Sometimes you feel bad about shooting the messenger. It’s not good form. But reading a recent report from the Bureau of Resource Economics and Energy underlines a major part of the problem with energy policy and energy action in this country. And it’s all in the deliver of the message.
The particular message that BREE was delivering was the appallingly (my adjective) low rate of renewables penetration in remote and regional Australia – the areas of our sun-burnt and wind-blown country that really should be making a virtue of alternative energy sources.
According to BREE, about 6 per cent of Australia’s total electricity output is produced in areas off the main grids in the eastern states (the National electricity market, or NEM) and the south west corner of WA (SWIS).
But get this. Of the 15,812GWh sent out in these “off-grid locations,” just 2 per cent comes from renewables. Most of this renewable output comes from hydro and solar accounts for less than 0.1 per cent of the output. The big red bits in the table below represents diesel generation.
According to BREE, there is just 3.4MW of solar in the two-thirds of the continent not covered by the main grids (in grey in map below). There is just 13MW of wind energy. Just over three quarters of off grid generation is for commercial or industrial use, just under a quarter for the 404,000 people who need power for residential use.
BREE concludes that this may create significant opportunities” for renewables “in the future”. It notes that “some” solar PV and wind technologies may become cost competitive with fossil fuels by 2030.
Oh, for goodness sake. Many of these communities trucking in diesel fuel are paying well over $400/MWh for their electricity. In some extremely remote areas are paying $1,000/MWh, some energy types tell me.
Solar is probably somewhere between $150/MWh and $250/MWh, although the best rule of thumb in outback areas – where transport, concrete and labor costs, and the availability of electricians are at a premium – should probably be around $300/MWh.
So, why isn’t it being taken up? The answer is for the same reasons exemplified by BREE – there is such a level of ignorance and conservatism that many consumers and users are simply unaware of the options, and/or they don’t trust it.
That’s a shame, because as Hydro Tasmania’s demonstration project on King Island has demonstrated, it is probably easier to reduce the amount of fossil fuel generation (and costs) on a diesel plant than it is on the main grid.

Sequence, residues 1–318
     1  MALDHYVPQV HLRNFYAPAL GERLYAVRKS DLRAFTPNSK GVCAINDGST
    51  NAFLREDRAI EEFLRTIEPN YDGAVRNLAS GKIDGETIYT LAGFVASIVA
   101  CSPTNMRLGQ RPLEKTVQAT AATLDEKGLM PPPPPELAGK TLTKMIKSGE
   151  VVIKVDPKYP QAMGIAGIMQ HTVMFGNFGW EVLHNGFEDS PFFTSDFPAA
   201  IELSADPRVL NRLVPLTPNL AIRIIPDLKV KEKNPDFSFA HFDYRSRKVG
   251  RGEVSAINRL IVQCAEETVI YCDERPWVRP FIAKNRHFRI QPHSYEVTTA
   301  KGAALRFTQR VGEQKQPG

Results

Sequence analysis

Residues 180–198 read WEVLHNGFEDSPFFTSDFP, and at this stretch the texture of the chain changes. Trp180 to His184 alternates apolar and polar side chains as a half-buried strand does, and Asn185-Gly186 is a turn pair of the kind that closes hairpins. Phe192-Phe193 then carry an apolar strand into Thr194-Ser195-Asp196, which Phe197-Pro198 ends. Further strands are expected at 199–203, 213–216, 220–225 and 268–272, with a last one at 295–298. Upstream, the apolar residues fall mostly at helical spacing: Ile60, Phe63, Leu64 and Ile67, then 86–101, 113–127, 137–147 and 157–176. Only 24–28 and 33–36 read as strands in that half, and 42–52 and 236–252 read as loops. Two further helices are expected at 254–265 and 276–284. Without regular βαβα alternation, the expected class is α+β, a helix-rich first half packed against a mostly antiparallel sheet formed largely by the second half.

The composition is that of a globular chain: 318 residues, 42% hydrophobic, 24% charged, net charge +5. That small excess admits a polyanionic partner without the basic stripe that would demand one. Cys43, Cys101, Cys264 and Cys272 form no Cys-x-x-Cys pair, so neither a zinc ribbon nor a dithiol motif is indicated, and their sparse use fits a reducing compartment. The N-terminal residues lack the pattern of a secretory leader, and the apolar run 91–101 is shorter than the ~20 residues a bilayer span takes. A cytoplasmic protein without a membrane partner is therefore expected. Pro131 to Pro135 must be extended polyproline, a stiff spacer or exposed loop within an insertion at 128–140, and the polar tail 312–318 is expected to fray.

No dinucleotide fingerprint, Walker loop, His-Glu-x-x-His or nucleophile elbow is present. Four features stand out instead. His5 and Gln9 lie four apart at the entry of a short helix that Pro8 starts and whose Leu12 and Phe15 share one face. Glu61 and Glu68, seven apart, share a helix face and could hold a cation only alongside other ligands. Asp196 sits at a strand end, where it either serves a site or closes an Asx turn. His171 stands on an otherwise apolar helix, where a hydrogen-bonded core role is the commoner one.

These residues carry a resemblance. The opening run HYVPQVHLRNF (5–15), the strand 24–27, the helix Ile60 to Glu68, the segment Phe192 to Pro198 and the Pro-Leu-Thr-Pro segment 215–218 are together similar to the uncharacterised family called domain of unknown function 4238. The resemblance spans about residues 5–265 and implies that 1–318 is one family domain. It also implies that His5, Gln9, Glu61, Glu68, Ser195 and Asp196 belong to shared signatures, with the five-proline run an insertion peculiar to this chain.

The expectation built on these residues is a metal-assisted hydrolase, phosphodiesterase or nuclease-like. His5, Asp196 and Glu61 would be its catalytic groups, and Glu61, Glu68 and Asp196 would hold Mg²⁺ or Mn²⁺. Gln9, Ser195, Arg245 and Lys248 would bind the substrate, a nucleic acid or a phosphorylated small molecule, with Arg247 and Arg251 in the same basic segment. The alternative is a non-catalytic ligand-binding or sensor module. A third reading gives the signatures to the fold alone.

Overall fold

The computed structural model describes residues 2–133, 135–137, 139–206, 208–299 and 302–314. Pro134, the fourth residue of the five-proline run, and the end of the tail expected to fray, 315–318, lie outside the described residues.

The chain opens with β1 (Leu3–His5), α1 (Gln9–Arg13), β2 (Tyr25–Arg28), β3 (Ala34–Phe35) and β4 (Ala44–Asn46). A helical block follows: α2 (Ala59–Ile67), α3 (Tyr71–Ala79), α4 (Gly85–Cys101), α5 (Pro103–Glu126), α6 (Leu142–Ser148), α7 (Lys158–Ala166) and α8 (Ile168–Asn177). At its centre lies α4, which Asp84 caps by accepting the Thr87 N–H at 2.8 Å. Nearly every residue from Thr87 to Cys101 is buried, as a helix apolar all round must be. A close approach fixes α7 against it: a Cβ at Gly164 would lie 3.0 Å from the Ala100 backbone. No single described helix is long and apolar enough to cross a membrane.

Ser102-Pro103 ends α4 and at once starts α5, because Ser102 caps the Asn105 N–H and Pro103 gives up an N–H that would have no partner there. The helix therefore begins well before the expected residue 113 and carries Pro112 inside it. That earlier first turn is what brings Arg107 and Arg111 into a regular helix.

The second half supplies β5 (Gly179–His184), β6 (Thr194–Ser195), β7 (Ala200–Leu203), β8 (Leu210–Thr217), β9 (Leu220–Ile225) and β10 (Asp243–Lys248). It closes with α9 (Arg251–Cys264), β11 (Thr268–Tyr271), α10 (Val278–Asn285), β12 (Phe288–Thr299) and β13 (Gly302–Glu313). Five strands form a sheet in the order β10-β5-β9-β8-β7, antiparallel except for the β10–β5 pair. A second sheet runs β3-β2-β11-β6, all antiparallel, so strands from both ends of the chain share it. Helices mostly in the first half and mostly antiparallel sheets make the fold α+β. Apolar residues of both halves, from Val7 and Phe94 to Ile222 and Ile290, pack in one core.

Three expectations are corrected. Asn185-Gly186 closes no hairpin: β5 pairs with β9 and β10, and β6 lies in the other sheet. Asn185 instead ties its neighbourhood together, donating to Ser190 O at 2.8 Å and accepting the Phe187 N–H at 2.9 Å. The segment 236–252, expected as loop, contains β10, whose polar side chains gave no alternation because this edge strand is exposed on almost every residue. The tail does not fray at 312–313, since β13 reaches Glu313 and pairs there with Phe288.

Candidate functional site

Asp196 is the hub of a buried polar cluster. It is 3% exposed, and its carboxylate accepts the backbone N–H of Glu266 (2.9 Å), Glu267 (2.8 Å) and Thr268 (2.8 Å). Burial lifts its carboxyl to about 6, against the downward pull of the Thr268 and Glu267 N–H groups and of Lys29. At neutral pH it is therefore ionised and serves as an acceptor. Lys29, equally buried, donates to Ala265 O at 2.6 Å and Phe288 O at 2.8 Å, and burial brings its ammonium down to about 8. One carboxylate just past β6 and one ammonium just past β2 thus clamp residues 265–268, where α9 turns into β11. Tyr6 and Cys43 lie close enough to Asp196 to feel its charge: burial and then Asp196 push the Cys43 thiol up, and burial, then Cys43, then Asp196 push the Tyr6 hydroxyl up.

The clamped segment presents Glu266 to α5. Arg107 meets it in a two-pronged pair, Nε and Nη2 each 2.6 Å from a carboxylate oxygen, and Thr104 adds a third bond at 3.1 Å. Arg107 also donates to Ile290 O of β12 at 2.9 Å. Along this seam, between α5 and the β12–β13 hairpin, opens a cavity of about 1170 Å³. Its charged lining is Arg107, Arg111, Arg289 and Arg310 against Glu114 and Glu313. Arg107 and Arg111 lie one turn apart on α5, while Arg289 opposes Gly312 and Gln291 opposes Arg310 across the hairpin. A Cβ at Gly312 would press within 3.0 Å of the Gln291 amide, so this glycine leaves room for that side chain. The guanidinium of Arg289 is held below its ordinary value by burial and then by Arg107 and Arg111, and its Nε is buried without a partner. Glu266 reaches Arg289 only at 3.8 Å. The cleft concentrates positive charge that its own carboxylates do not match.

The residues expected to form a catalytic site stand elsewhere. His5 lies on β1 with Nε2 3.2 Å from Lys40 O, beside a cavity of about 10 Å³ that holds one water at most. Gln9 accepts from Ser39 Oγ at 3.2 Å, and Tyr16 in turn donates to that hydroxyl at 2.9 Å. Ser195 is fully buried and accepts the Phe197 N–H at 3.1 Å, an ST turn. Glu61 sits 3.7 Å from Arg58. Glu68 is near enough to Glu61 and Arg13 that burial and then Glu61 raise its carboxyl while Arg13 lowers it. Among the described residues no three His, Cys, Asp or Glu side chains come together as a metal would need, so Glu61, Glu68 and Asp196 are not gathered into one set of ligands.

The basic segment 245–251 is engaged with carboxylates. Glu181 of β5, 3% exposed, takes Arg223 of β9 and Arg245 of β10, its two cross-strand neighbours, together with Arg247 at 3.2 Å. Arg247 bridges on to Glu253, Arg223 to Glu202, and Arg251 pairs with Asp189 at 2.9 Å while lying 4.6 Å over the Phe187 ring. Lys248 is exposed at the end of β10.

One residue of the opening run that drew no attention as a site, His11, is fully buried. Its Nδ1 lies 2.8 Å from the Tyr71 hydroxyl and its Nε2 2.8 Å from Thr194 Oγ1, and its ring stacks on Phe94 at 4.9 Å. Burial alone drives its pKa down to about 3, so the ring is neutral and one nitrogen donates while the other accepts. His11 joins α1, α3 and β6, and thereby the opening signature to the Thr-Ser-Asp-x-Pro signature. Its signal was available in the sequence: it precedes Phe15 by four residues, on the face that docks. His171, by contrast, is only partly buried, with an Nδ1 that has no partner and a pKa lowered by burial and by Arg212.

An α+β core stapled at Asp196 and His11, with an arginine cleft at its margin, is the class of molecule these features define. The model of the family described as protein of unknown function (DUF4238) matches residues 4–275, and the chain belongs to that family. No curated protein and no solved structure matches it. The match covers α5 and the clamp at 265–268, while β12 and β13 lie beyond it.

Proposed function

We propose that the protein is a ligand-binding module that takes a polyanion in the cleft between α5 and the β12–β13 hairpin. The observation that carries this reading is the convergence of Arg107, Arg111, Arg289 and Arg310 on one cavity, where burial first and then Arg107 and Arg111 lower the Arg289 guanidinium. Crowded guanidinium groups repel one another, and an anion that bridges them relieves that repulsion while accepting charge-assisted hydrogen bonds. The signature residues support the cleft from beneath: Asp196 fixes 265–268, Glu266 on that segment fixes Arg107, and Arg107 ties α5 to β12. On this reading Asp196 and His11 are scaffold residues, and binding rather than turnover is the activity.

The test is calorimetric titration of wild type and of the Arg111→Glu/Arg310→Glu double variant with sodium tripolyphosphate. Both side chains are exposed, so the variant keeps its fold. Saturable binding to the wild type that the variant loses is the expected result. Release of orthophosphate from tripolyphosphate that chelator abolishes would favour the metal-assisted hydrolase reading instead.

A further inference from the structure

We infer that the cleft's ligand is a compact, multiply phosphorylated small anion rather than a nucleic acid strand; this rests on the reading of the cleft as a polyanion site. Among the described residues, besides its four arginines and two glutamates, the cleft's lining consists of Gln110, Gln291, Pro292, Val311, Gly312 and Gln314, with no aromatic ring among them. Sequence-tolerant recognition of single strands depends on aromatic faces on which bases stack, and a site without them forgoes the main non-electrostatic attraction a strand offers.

The BREE report uses data from 2011/12. But there has not been much progress since then. As we noted earlier this month, Ergon Energy’s annual report for 2012/13 revealed that less than 0.1 per cent of the generation supplied for remote and off-grid areas in its geographical area (97 per cent of Queensland) came from renewables.
Indeed, less than 1 per cent of its main-grid supply came from its own renewable sources. That is despite the management indicating that solar and storage would likely offer a cheaper solution than being connected to the main grid within 10 years. The Queensland subsidises the cost of that grid by $600 million a year.
Even cold, cloudy Tasmania has more than 13 times the penetration rate for solar in off-grid locations than the sunnier northern mainland states.
Off-grid solar and renewables (be it solar thermal and storage, or even wind and diesel) is now considered one of the most interesting markets in Australia, mainly because of what seems to be the no brainer economics of the proposal.
But as any project developer will tell you, there are considerable barriers to entry, and it’s not just a matter of ignorance and trust.
One is the level of subsidy for fossil fuels. Diesel generators get a massive rebate which accounts for one third of their costs, and it is not entirely clear whether those benefiting from the subsidy are the suppliers or those paying for electricity.
Other barriers include laws such as the Pastoral Act, which until recently made it illegal for owners to be involved in biomass crops on grazing land. Then there is the cost of supplying, the transportation and the labor costs.
Finally, there is the question of finance and rates of return. Mines often have shorter life spans than a renewables installation. And off-grid renewables might offer generous rates of return, but in an industry which can get even higher rates of return by building a new conveyor belt, getting the attention fo centralised accounting people is tough.
This is one of the reasons why the Australian Renewable Energy Agency has made a big commitment to break down some of those barriers through its off-grid and remote energy programs.
It also believes that the economics of the technology are something of a no-brainer, and if it can lead the horses to water and show how it can be done, then the take-up could be rapid. After all, the commodities market is no longer so buoyant that mining groups should be happy to ignore power costs or fuel price risk.
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